Many custodians are simply getting out of the claims filing business altogether for former clients (or charging fees for this service).  This presents public pension funds with a difficult choice.  If a fund has all of their transaction history in-house, they might be able to work with their current custodian to construct a claim form which requires both older and newer transaction history.  If the institution does not have the old transaction data, they are at the mercy of the former custodian – either pay a fee to have them file or give up a percentage of the recovery.  Neither scenario is particularly attractive and gives rise to the risk of failure to recovery proceeds. 

Current Custodians Outsourcing Claims Filing
Some custodial banks are now outsourcing claims filing responsibilities to third-party filers, which begs the question: was this disclosed to the Board?  We have seen multiple instances where a public fund was not aware their custodian was not handling the claims filing process in-house.  While the end result may not prove harmful, at a minimum, public funds should know which vendor is doing this work.  Further, we have observed significant differences in the accuracy of claim filing by paid third-party filers – making this potentially more than a simple disclosure problem, and an issue which could result in the failure to recover.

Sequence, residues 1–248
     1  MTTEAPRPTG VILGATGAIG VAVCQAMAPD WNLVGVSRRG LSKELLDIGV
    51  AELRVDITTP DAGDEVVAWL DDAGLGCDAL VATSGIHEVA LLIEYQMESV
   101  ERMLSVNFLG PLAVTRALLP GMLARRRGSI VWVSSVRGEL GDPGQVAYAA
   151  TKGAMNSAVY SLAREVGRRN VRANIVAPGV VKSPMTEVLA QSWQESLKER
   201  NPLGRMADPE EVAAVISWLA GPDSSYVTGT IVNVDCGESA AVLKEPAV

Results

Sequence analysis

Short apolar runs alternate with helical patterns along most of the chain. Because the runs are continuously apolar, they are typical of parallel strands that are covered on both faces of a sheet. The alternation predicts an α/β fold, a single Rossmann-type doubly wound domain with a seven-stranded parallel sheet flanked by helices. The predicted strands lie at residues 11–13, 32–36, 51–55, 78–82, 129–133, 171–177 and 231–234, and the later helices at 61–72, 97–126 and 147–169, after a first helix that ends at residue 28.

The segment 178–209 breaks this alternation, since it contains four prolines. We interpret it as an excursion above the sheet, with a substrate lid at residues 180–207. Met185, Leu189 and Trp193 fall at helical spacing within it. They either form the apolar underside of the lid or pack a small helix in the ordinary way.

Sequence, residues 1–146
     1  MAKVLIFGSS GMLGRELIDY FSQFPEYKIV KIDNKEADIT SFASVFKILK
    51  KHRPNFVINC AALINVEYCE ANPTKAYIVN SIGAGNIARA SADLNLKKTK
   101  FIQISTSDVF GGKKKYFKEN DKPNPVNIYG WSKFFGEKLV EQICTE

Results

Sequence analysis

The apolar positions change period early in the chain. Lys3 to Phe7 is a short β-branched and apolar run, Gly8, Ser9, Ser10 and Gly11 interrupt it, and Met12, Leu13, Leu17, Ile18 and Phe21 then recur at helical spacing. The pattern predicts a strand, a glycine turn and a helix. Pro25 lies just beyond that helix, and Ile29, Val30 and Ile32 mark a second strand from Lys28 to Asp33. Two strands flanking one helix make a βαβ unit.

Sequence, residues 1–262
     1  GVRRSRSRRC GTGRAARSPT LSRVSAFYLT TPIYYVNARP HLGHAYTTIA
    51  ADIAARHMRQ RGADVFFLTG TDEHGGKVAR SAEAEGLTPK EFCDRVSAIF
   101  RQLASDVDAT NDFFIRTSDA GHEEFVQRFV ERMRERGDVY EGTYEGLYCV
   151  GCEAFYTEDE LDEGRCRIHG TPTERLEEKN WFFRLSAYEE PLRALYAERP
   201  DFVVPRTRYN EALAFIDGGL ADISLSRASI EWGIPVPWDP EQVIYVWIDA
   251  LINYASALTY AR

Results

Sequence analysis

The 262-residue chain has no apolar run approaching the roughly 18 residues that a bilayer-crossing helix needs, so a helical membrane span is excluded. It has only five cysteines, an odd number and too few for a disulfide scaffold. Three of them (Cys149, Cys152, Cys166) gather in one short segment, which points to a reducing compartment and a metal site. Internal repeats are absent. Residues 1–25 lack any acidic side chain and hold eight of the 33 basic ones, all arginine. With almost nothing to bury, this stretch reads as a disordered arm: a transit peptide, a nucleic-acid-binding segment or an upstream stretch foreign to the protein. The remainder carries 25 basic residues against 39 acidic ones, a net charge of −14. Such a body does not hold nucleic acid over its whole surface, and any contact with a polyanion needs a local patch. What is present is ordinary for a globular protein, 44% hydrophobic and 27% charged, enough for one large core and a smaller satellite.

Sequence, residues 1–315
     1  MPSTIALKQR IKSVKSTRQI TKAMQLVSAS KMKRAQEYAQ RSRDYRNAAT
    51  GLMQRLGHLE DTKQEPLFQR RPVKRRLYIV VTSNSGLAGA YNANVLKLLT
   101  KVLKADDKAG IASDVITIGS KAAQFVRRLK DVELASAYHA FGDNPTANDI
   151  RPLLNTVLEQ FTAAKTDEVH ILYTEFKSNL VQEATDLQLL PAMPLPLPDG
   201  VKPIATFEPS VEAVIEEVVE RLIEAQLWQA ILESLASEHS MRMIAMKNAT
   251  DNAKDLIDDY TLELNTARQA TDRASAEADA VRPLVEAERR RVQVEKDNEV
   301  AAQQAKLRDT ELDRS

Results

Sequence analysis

What Can Public Pension Funds Do To Improve?

The claims administration process continues to evolve. So must the processes that public pension funds have in place.  A few suggestions:

  • Discuss how much money you have received from securities class action settlements/judgments?  What claims have been submitted and are awaiting distribution?  Did you miss out on submitting a claim for a U.S. case? Were you not able to participate in the recovery of a non-U.S. jurisdiction settlement because you never registered for it?
  • Conduct a historical and on-going audit of your custodial bank/third-party filer to check their claims filing accuracy.  If missed claims are identified, immediately contact the claims administrator to see if you can submit a late claim/remedy a deficient one.  This can often be done as long as settlement proceeds have not been distributed.
  • To avoid an issue when changing custodians, consider including a provision in all custodial agreements to ensure your transaction data is returned at the end of the contractual relationship. 


Claims administration will never be Agenda Item #1 at your Board meeting -- public pension funds simply have more important issues to deal with in running their plans.  That being said, with the truly global nature of securities litigation in this post-Morrison world, public pension funds should continue to be vigilant in this area. The significant proceeds generated from securities class action settlements/judgments are an asset owed to you – do what you can to ensure you are getting it back.
The views expressed do not constitute research, investment advice or trade recommendations and do not necessarily represent the views of Kessler Topaz Meltzer & Check, LLP, or TEXPERS.

About the Author
Jonathan R. Davidson
Jonathan R. Davidson, a partner of the Kessler Topaz Meltzer & Check, LLP, concentrates his practice in the area of shareholder litigation. Davidon currently consults with institutional investors from around the world, including public pension funds at the state, county and municipal level, as well as Taft-Hartley funds across all trades, with regard to their investment rights and responsibilities.